Getting Started:

  • Start with a manageable distance. An errand, a friend’s home, or short trip.
  • Any gear is the right gear.  IF clothing or equipment becomes an issue, realize that at some point in the future, you can afford that extra item- pannier, basket, or clothing item. 
  • Be visible- wear visible clothing, use bright tail lights, and use bright colors.
  • Put some extra clothes, shoes, or other items in a spot at work to help you stay clean, odor free, and if you forget something, you have a back up.


  • Backpacks can work. Ideally, add a basket or panniers. A “rack” is needed to carry panniers (Saddle type bags) or baskets. Racks can be attached to just about any bike. The weight you plan to carry will determine the kind of rack to buy.
  • Cargo bikes may be the ticket if you plan to carry kids and goods at the same time. 
  • Baskets designed for grocery bags work well for a variety of items. Some will fold up when not in use.
  • Front baskets come in a variety of styles. Check with a local bike store for options. Lift-off style make the basket useful to go shopping and then easily hook back on to the bike.

Gear Options:

  • Rain pants increases your options for when you can ride. Look for WATERPROOF clothing rather than water resistant.
  • Rain jackets help also. Ponchos work well if you use a backpack. A good bicycle rain jacket has a longer tail on the back for when you bend while pedaling.  
  • Footwear – good leather boots work well. Insulated boots can be used. Insulated bike boots cover over bike shoes, usually mt. bike shoes leaving the clip or cleat exposed. Waterproof booties can be used for warmer weather travel. 
  • Helmet covers work for both rain and wind. You can wear a helmet cover in cooler weather to cut down on the wind drafting through the helmet vents.
  • Gloves- full fingered waterproof gloves can be used at both warmer and cold temperatures. Look for Gore-tex for breathable materials. Lobster gloves, a type of hybrid with two fingers and a thumb, will be the warmest win the winter. 
  • 100 Polartec makes for a great second layer between coat and shirt. Wear a bike jersey underneath to your destination if you need to be less casual. Add a thermal layer under the bike shirt to keep breathable material next to your skin. Add a rain jacket or thicker out shell for more extreme cold.
  • Lights – Plenty available. A front light is a must to be legal and safe, even during the daylight rides. Brightness comes in levels of LUMENS. Power sources include USB or batteries. Batteries are not as long term sustainable, but can easily be changed if your light runs out.
  • Fenders –  Most people consider fenders only necessary for rain. They also keep road debris, dirt, stones, and particles form kicking up onto the rider. Fenders can be purchased in high quality plastic, aluminum, and steel. You can put fenders on any bike that the frame allows room. Check with your local bike shop to be sure of size and application.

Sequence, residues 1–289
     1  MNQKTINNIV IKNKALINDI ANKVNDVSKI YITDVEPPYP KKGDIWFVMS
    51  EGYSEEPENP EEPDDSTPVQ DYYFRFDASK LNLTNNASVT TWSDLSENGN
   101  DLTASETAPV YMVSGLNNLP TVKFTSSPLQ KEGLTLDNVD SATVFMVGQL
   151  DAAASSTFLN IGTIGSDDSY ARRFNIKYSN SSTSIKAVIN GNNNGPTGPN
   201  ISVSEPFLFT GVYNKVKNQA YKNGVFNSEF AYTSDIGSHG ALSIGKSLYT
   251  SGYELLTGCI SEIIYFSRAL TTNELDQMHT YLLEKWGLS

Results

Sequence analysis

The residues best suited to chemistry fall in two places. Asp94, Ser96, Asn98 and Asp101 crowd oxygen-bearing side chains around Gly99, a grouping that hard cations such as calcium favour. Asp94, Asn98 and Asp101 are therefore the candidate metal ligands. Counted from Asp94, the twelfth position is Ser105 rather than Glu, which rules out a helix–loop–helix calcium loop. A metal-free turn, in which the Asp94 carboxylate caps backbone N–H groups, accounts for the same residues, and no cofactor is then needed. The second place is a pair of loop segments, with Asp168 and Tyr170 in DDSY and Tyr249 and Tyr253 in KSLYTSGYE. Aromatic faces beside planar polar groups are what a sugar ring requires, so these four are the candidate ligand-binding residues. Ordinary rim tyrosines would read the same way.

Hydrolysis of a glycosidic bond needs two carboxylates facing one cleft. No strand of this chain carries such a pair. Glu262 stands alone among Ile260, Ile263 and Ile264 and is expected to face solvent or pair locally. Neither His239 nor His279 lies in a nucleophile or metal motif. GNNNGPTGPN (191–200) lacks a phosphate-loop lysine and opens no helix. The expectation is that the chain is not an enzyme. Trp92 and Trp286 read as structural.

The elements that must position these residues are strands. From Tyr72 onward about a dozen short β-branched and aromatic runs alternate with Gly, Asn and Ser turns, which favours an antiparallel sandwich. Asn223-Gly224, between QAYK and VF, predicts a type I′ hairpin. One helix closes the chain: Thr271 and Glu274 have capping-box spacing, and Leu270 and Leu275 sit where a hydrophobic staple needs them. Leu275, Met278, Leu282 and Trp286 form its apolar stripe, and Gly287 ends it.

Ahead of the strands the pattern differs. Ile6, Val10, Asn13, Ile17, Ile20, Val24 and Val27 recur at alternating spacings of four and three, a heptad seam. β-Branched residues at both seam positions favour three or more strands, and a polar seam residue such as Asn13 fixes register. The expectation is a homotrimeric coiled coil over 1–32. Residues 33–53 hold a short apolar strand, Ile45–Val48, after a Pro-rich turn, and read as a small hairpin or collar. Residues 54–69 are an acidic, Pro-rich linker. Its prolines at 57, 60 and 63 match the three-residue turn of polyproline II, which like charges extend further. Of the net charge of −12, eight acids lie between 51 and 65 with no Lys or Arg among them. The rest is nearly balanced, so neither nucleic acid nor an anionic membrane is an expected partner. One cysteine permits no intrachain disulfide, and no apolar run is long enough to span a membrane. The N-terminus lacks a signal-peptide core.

• Fat bike- Fat bikes allow for more options to ride especially in snow and rain. Fat bikes ride well, can lower tire pressure to 5 lbs. for snow and ice conditions. Fun option!
  • Locking your bike – the current standard for lockup includes both cable and U-Lock. The other option form a U-Lock that is not as cumbersome, tough, and secure is a Duty Link Plate Lock. The cable locks up the front wheel to the U-Lock which is locked to the frame and parking rack. Just as important as the lock is licensing your bike. Does not usually cost much at a local bike shop or police station.
  • Noise makers – bells, horns, and bluetooth audio speakers do the job of alerting others you come across. In some cities, bells legally must be on a bike. Some people respond better to a horn or bell rather than “Bike back!”
  • Baby wipes – for the chain problem, tire issue, or just to clean up a little when you arrive at your destination, keep a small pack of wipes in your bike pack.
  • Pump- keeping a small amount of tools helps for emergencies. A pump or CO2 cartridge applicator is necessary for airing up a new tube replacing a flat tube. You need two tire levers to take off the tire. Small hand held pumps work. A dual pump and CO2 can be the best way to go but are a bit more pricier.
  • Your best tool to have is a multi tool- a triple allen wrench and socket tool will pretty much do any job you need on the fly. If you  have bolt on wheels, keep a small crescent wrench in the kit.
  • Many commuters keep a trunk pack on the top of the rear rack for the tools, extra tube, and accessories such as a cable lock, gloves, wipes, etc.  Ortlieb makes a great lockable trunk pack that is also waterproof.


  • Consider the route for low traffic volume, parallel roads to arterial routes.
  • Cyclists stop at stop signs about as bad as car drivers. Consider doing an Idaho stop. Treat Stop lights as stop signs and stop signs as yield.Learn to scan and signal properly.
  • Look for the eyes of a driver that might be turning in your path.
  • The more you act like you are driving a car, the more safer you will be.